Tuesday, 30 May, 2023

Majority of Rana Plaza survivors still remain unemployed: Study

  • Special Correspondent
  • 13 April, 2023 12:00 AM
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Around 54.5 percent of Rana Plaza building collapse survivors still remain unemployed, said a survey report.

According to the ActionAid Bangladesh study, despite a decline in the unemployment rate since 2014, a total of 54.5 percent of Rana Plaza survivors are currently unemployed.

Among them, 89 percent have been without work for the past five to eight years, while 5.5 percent have been unemployed for the last three to four years.

These findings highlight the ongoing challenges faced by the survivors in accessing sustainable employment opportunities and the need for continued efforts to improve their economic security, the report said.

The study was revealed in a multilogue titled “The Rana Plaza Experience: Tragedy to Transformation” held on the occasion of 10th anniversary of Rana Plaza tragedy in Dhaka on Wednesday.

Institute of Social Business (ISB) conducted the study on behalf of the ActionAid Bangladesh among 200 survivors and families of deceased workers affected by the Rana Plaza tragedy.

Among the respondents, 69.5 percent were women and 30.5 percent were men.

The findings highlight several key points related to the current condition of the survivors', including their current physical health status, psychosocial well-being, and financial status.

The study also finds that the key reason for those who are currently unemployed is their physical health conditions, and the number has fallen from 67 percent to 47 percent from last year.

Additionally, 21 percent of respondents report that they could not find a suitable job.

These findings suggest that physical health continues to be a significant barrier to employment for many survivors, emphasising the need for continued efforts to support their recovery and improve their access to employment opportunities.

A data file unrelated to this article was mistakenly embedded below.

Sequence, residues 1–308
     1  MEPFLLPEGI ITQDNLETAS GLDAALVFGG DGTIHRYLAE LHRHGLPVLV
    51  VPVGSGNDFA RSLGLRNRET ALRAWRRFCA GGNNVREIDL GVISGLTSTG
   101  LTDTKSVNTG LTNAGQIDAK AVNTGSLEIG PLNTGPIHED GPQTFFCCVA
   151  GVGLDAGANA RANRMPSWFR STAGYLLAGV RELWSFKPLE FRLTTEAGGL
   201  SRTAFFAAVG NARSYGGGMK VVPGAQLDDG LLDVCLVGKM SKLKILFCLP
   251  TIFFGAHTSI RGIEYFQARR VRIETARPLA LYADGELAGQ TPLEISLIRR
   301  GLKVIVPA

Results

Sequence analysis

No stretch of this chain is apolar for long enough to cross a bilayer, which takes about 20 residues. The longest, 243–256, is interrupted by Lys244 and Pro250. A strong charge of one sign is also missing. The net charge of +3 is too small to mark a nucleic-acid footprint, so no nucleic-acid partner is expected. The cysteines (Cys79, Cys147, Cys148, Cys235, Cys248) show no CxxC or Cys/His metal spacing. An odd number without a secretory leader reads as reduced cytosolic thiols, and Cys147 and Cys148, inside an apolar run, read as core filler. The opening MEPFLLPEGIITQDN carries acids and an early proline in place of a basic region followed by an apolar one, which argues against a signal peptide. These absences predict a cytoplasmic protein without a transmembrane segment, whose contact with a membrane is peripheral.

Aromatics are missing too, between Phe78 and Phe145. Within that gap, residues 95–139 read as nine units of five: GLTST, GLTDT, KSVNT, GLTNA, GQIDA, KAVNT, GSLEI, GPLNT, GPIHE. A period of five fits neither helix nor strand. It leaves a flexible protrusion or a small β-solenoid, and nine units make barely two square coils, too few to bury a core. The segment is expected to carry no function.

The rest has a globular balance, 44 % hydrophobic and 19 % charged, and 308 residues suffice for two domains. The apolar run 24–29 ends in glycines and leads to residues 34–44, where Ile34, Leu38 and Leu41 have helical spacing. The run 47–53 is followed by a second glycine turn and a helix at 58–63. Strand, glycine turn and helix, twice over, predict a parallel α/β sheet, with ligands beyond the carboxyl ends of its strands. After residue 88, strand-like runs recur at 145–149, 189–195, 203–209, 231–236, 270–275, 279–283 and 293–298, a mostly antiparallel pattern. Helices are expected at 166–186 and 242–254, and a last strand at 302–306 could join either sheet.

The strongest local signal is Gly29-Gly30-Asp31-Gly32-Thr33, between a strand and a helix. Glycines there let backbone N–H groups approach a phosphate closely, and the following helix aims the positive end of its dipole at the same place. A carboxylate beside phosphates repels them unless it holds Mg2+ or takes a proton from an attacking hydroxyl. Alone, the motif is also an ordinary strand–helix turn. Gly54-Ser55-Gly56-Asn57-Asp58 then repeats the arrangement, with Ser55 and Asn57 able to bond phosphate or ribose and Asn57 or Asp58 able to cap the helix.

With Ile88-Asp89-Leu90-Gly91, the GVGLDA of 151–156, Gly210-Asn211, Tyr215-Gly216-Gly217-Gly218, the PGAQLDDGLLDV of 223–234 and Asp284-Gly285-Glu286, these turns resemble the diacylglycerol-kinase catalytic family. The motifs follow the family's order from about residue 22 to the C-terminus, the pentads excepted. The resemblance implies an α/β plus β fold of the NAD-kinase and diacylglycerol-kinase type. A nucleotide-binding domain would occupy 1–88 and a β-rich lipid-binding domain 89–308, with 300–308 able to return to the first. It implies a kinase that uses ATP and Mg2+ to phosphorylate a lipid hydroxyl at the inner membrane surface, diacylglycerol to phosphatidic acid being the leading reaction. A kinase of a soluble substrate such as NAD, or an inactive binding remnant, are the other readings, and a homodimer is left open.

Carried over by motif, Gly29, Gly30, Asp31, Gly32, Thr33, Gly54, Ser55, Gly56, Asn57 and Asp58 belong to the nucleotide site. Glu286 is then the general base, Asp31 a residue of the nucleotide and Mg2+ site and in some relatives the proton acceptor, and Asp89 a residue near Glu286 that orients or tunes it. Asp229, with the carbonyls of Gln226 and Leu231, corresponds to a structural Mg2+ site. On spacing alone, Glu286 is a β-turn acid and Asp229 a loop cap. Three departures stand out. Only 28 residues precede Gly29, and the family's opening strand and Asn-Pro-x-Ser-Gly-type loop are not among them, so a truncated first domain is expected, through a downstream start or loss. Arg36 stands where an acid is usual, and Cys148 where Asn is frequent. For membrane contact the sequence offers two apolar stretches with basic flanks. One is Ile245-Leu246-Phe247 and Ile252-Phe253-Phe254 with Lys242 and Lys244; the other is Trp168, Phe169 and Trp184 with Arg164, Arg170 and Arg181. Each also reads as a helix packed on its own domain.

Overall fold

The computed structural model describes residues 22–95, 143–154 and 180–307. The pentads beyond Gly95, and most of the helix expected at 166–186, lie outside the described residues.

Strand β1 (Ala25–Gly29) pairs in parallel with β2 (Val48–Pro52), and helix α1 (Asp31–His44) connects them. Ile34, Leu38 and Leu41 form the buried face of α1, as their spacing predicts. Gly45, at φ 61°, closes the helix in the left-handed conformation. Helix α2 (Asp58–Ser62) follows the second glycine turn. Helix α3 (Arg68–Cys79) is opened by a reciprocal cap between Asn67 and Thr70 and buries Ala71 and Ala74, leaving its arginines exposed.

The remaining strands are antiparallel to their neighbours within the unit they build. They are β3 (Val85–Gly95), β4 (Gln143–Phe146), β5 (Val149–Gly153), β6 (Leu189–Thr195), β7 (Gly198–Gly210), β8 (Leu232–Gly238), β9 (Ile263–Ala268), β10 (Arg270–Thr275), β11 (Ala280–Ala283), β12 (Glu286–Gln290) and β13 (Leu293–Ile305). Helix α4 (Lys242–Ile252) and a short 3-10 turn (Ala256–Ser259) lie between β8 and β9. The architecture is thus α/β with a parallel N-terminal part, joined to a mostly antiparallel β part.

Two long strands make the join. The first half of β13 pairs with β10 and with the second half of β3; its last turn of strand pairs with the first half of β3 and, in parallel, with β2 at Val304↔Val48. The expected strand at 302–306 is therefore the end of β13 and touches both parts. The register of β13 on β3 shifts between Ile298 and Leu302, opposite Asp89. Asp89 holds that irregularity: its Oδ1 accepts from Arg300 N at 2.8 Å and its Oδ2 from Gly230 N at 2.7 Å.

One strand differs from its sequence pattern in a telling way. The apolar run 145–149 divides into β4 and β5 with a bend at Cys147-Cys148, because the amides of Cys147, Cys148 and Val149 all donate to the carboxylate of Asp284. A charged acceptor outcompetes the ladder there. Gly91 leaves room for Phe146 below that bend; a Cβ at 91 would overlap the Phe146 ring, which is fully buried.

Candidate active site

The study says that the physical health status of the Rana Plaza incident

survivors has not shown any significant improvement.

The proportion of survivors claiming to be completely stable has decreased from 17 percent in 2014 to 7.5 percent in 2023, while the percentage of respondents whose health has deteriorated over the year increased from 9 percent to 22.5 percent during the same period.

More than one-third of the respondents (36.8 percent) mentioned they are suffering from back pain, while a quarter (24.6 percent) complained about suffering from headaches.

Other health problems include breathing problems, hand, and leg injuries, inability to stand and walk properly, vision and kidney problems.

In terms of psychosocial health, although the rate of people who felt fully recovered is now declining, the overall percentage of survivors claiming to be more or less stable has almost doubled.

However, despite the positive trend, there is still a significant proportion (29 percent) of traumatised survivors whose conditions are deteriorating, the report adds. Among the 29 percent of traumatised survivors, 57.8 percent of respondents are living in fear because of their experience of building collapse, while 28.9 percent complained of being tense about their health and safety.